It was left to Lenny Webster and Charlie O'Brien, each a catcher more veteran than Schneider, to apply the sandpaper.
"They helped me," Schneider says. "They didn't have to, but they did. I appreciated what they did for me. And I think it's the right thing to do for me to help whoever I can."
With that in mind, Schneider and Mets bullpen catcher Sandy Alomar Jr. spent 20 minutes on the outfield Friday with Josh Thole, the left-handed-hitting, soon-to-turn 23-year-old rookie catcher now on the Mets' big league roster and in their big league future.
Schneider, his days as a Met probably numbered, is more tutor than catcher these days, partially because of Thole's future and manager Jerry Manuel's evident fondness for Omir Santos. Schneider is not expected to return next season. And educating Thole is what he thinks is appropriate. "It only helps the team," Schneider says.
So Schneider imparts whatever wisdom he can to the plebe, fully aware that chances are good that he won't see the fruits of his efforts in any firsthand way. "It's the right thing to do," he says. "Someday, he can say I helped him, and he can help somebody."
The teaching began in February in Port St. Lucie. Thole, who had played first base primarily in his first 3 1/2 seasons as a professional -- 2005 through midseason last year -- began what he calls brain-picking, and Schneider was quite willing.
"He just needs experience. He's young in catcher years," Schneider says. "Maybe I can tell him something that will cut down how much he needs. He works hard, and when you tell him something, he doesn't blow it off. He does ask questions, and you can tell by what he asks what he knows and that he wants to learn."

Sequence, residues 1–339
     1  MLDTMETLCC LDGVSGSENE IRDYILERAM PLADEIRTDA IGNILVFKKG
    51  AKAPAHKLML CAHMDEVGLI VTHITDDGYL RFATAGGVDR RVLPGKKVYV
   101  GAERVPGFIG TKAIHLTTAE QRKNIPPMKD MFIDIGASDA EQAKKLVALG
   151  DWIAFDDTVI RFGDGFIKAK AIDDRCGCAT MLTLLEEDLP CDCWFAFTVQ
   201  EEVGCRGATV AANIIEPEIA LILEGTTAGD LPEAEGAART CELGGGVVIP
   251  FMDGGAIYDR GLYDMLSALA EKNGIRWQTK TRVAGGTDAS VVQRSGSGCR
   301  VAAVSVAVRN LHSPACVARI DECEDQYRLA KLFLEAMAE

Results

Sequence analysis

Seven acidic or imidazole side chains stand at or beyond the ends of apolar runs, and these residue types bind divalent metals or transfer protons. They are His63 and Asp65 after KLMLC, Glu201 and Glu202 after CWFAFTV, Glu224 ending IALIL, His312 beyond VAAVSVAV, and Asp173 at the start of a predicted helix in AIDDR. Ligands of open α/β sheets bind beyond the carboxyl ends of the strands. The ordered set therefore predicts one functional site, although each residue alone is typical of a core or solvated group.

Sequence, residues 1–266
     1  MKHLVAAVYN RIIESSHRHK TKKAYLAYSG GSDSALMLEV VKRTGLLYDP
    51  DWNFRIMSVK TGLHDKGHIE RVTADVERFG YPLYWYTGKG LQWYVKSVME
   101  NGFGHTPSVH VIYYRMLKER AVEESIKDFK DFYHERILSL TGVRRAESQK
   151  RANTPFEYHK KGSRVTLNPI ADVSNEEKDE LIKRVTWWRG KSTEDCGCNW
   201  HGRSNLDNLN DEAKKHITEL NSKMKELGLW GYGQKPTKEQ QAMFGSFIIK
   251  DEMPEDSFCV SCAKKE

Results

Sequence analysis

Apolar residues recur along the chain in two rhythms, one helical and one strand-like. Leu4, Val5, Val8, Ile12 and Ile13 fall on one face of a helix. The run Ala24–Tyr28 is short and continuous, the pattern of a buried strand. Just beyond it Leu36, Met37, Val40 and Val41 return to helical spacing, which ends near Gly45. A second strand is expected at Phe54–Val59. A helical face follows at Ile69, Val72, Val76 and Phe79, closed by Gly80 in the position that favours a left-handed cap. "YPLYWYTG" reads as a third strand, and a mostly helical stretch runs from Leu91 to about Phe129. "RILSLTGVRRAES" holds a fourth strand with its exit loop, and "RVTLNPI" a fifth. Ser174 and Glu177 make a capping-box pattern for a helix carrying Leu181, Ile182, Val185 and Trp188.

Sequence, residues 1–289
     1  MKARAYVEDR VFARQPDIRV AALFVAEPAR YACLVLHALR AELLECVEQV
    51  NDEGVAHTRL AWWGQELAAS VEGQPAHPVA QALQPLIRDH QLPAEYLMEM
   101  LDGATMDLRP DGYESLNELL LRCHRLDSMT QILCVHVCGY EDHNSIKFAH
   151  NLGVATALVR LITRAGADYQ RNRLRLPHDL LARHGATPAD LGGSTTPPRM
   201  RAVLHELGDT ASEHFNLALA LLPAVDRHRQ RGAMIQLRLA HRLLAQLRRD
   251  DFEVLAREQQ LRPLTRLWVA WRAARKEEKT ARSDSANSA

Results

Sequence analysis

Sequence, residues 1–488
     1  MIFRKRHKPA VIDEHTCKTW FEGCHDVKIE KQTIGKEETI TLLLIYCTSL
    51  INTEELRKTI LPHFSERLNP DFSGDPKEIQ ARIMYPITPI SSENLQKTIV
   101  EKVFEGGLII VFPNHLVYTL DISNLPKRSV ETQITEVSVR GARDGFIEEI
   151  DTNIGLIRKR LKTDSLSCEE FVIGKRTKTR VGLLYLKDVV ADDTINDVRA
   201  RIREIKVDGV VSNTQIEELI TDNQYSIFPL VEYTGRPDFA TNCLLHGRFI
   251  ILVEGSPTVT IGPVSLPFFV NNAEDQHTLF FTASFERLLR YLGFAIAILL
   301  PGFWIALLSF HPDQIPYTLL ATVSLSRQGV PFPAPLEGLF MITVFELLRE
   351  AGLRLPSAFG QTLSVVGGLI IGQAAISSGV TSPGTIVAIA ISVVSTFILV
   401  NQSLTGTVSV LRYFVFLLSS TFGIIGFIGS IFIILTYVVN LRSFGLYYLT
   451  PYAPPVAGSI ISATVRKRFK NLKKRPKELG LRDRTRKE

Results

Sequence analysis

In that way, Thole reminds Schneider of the 23-year-old Expos rookie catcher he was in 2000. So he watches his new teammate, the only player the Mets have promoted since Tuesday, the day the roster limit was increased from 25 to 40. And as another catcher, Mr. Yogi Berra, once said "You can observe a lot by watching."
Schneider watches Santos, too. But Santos, 28, had eight years as a professional before the Mets brought him to the big leagues this season. "He has winter ball, the Minor Leagues. He's more advanced than Josh," Schneider says. "But he has Sandy to help him, and that's a perfect fit. Sandy is such a smart coach. And I'll do whatever I can to help him."
Marty Noble is a reporter for MLB.com. This story was not subject to the approval of Major League Baseball or its clubs.